NW China Gets Warmer, Wetter as Climate Change Hits

Wild flowers are seen at the foot of the Aemye Ma-chhen Range in northwest China's Qinghai Province. (Xinhua/Fei Maohua)

LANZHOU (Xinhua) — The northwest region of China, which used to be cold and dry, is now getting warmer and wetter, climate experts said.

Academics have noticed as early as the 1980s the increasing rainfall in the northwestern areas and speculated that the areas would become warm and wet.

“The speculation about the climate change in northwest China in the next 30 years has been confirmed,” said Ding Yihui, an expert of the China Meteorological Administration.

Chen Baofu works for an airport in Gansu Province. As an old shuttle bus driver, Chen said he has noticed the changes on the road linking the airport and the capital city of Lanzhou over the past few years.


“The 70-km-long road was built on barren mountains. But there is more rainfall here, and more plants grow on the mountains nowadays,” Chen said.

The arid climate was a major reason that the Mogao Grottoes, a UNESCO World Heritage site, has been preserved for thousands of years. But as rainfall increased in the summer, the tourist attraction in Gansu was shut down temporarily, while the gobi desert nearby has also seen grass growing.

“We used global climate models to predict that this trend will last until the mid-21st century,” Ding added.

Statistics from the meteorological departments of northwestern provinces of Shaanxi, Gansu, Qinghai and Ningxia Hui Autonomous Region showed these areas have seen climate warming and increasing precipitation since 1961, while the trend of warming and humidification has become striking since 2000.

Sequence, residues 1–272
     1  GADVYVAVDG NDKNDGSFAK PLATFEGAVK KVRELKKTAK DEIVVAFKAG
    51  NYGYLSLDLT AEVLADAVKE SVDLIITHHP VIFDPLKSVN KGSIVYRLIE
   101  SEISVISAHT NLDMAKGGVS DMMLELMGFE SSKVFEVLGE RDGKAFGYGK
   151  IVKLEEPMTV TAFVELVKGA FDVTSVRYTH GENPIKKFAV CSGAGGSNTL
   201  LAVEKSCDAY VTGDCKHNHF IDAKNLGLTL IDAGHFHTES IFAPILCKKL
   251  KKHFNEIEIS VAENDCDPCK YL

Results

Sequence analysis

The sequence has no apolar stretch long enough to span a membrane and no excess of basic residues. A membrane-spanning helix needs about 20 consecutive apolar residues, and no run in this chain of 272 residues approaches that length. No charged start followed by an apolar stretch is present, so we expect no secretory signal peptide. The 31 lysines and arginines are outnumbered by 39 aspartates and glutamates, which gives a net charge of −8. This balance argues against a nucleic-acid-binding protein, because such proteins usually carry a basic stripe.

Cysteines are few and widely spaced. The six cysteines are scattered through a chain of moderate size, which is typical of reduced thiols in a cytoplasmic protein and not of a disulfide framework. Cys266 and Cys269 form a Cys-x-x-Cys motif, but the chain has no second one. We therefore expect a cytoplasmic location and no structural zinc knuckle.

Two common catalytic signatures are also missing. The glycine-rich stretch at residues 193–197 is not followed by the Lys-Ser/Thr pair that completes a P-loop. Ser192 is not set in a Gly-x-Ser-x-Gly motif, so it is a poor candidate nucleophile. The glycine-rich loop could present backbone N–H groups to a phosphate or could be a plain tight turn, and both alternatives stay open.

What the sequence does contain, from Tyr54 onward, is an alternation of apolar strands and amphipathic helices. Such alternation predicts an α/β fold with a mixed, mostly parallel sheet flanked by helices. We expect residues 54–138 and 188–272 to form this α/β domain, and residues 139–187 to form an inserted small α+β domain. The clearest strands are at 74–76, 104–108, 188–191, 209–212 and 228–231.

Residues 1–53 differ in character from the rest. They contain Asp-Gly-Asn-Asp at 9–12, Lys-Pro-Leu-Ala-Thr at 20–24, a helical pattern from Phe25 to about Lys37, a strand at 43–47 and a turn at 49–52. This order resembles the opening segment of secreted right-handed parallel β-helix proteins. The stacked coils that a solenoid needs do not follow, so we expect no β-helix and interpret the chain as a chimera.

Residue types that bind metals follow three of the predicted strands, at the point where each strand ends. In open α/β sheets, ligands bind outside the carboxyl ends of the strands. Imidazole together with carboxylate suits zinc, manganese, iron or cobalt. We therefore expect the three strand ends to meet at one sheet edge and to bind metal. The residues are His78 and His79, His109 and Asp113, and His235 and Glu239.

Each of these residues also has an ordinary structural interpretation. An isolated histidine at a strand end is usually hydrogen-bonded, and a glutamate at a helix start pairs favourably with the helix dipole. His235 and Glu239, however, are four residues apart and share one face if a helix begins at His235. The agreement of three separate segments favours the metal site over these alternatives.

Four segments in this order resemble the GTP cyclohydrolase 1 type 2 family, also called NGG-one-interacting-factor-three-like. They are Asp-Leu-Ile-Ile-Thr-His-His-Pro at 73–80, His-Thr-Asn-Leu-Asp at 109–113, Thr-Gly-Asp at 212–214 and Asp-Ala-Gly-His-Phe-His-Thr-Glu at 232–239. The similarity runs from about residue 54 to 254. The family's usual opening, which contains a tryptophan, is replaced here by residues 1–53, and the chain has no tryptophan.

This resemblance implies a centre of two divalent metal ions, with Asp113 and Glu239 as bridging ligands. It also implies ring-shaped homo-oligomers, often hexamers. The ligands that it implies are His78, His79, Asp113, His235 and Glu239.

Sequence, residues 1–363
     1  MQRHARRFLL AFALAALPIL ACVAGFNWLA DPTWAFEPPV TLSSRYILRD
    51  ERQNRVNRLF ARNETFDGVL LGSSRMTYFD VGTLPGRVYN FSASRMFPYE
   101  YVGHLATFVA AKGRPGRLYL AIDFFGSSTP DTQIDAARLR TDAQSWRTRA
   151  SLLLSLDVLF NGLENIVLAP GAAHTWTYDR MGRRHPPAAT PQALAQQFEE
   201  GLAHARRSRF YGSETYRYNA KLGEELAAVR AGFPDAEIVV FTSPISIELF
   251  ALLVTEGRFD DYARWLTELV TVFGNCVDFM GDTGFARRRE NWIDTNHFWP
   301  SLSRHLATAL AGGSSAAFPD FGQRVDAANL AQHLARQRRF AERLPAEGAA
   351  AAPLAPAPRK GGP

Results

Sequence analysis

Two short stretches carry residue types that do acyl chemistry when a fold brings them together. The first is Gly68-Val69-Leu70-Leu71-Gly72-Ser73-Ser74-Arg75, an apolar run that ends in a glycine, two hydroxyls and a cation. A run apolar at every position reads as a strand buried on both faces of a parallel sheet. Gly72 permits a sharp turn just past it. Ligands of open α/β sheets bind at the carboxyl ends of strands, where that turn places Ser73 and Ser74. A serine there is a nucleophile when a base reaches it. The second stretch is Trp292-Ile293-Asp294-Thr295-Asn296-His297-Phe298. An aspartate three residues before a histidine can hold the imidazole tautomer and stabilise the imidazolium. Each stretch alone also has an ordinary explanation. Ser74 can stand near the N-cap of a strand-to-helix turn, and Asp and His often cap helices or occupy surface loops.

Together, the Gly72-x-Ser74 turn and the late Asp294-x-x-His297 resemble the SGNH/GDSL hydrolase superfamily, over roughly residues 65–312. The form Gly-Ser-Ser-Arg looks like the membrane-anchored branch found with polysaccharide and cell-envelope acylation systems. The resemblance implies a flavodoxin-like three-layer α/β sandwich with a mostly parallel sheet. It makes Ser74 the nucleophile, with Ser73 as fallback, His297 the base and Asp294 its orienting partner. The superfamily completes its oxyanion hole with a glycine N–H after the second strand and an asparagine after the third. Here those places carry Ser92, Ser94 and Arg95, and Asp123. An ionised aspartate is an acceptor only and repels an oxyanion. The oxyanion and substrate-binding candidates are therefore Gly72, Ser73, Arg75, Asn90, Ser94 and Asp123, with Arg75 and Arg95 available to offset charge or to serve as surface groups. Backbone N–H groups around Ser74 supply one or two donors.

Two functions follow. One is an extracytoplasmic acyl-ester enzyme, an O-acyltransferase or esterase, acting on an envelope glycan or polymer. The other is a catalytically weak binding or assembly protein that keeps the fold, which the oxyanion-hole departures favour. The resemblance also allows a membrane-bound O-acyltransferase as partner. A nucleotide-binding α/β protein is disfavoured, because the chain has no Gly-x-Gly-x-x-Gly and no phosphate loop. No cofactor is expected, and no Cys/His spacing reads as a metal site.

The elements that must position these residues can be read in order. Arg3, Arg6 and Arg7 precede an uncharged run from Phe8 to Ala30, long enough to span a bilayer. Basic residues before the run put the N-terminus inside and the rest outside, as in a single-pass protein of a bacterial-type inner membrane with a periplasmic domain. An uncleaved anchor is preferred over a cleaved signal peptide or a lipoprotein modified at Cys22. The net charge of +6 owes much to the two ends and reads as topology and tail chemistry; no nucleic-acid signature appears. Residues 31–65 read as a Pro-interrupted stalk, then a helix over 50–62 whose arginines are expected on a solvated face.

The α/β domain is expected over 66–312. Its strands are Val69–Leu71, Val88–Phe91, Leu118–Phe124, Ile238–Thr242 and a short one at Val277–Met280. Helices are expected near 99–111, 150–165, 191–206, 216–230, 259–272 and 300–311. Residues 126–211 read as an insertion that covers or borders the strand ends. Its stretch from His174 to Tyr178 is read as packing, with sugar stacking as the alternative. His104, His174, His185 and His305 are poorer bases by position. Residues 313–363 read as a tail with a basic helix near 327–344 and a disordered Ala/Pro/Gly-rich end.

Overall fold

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Da Haltent River in Kazak Autonomous County of Aksay, northwest China’s Gansu Province. (Xinhua/Ma Ning)

In Gansu alone, from 1961 to 2015, the temperature in the province has risen steadily at a rate of 0.29 degrees Celsius every 10 years.

In 2018, the average temperature in Gansu was 0.7 degrees Celsius higher, and the average precipitation increased by 27.7 percent as well.

Research results released by the Chinese Academy of Sciences (CAS) and other institutions also showed that China’s northwestern regions, particularly the central and western areas within the range, have more precipitation, including part of Xinjiang, the Qilian Mountains, the Hexi Corridor and the Qinghai-Tibet Plateau.

In the eastern part of northwest China, the increase in precipitation was not obvious, with some areas even having a slight decrease.

Meanwhile, an increase in melting glaciers, river runoff and the rise of lakes’ water levels have emerged in northwest China.

A research report carried out by the CAS suggested that the changes in northwest China were probably caused by an intensification of the water cycle triggered by global warming.

Zhang Qiang, deputy director of Gansu’s provincial meteorological bureau, said that the northwest region is more sensitive to global warming, therefore, the impact of climate change on the regions is more significant.

Some experts believe that the warmer and wetter climate is good for the development of agriculture and ecological restoration.


Li Zongsheng, an associate researcher with the Northwest Institute of Eco-Environment and Resources, CAS, said that, in the short term, it is of positive significance for local economic development by seizing the opportunities to appropriately increase the scale of agricultural cultivation.

However, Li stressed that the droughty weather in northwest China cannot be changed. “We should coordinate the relationship between sustainable development and water resources,” Li added.

“As the climate gets warmer, more natural disasters including torrential rainfall and landslides could occur in the region. It is important to raise the awareness of disaster prevention and relief,” Zhang warned.